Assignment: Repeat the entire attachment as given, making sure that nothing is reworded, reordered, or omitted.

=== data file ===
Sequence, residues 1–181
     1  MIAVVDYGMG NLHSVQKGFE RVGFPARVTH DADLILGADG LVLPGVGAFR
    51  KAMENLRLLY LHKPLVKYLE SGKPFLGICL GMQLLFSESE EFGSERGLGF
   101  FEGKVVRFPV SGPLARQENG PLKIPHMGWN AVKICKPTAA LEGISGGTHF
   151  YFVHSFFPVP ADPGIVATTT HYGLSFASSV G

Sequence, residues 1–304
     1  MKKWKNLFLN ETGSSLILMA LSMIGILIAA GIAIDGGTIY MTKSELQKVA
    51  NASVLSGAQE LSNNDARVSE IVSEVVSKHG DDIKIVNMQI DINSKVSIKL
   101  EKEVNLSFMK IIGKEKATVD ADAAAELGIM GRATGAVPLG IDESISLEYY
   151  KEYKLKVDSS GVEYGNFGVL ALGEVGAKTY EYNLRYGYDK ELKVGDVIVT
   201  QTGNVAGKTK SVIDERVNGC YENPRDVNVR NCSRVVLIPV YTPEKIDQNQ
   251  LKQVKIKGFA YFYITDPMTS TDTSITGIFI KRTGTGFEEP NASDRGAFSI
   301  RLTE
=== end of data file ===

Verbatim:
Sequence, residues 1–181
     1  MIAVVDYGMG NLHSVQKGFE RVGFPARVTH DADLILGADG LVLPGVGAFR
    51  KAMENLRLLY LHKPLVKYLE SGKPFLGICL GMQLLFSESE EFGSERGLGF
   101  FEGKVVRFPV SGPLARQENG PLKIPHMGWN AVKICKPTAA LEGISGGTHF
   151  YFVHSFFPVP ADPGIVATTT HYGLSFASSV G

Sequence, residues 1–304
     1  MKKWKNLFLN ETGSSLILMA LSMIGILIAA GIAIDGGTIY MTKSELQKVA
    51  NASVLSGAQE LSNNDARVSE IVSEVVSKHG DDIKIVNMQI DINSKVSIKL
   101  EKEVNLSFMK IIGKEKATVD ADAAAELGIM GRATGAVPLG IDESISLEYY
   151  KEYKLKVDSS GVEYGNFGVL ALGEVGAKTY EYNLRYGYDK ELKVGDVIVT
   201  QTGNVAGKTK SVIDERVNGC YENPRDVNVR NCSRVVLIPV YTPEKIDQNQ
   251  LKQVKIKGFA YFYITDPMTS TDTSITGIFI KRTGTGFEEP NASDRGAFSI
   301  RLTE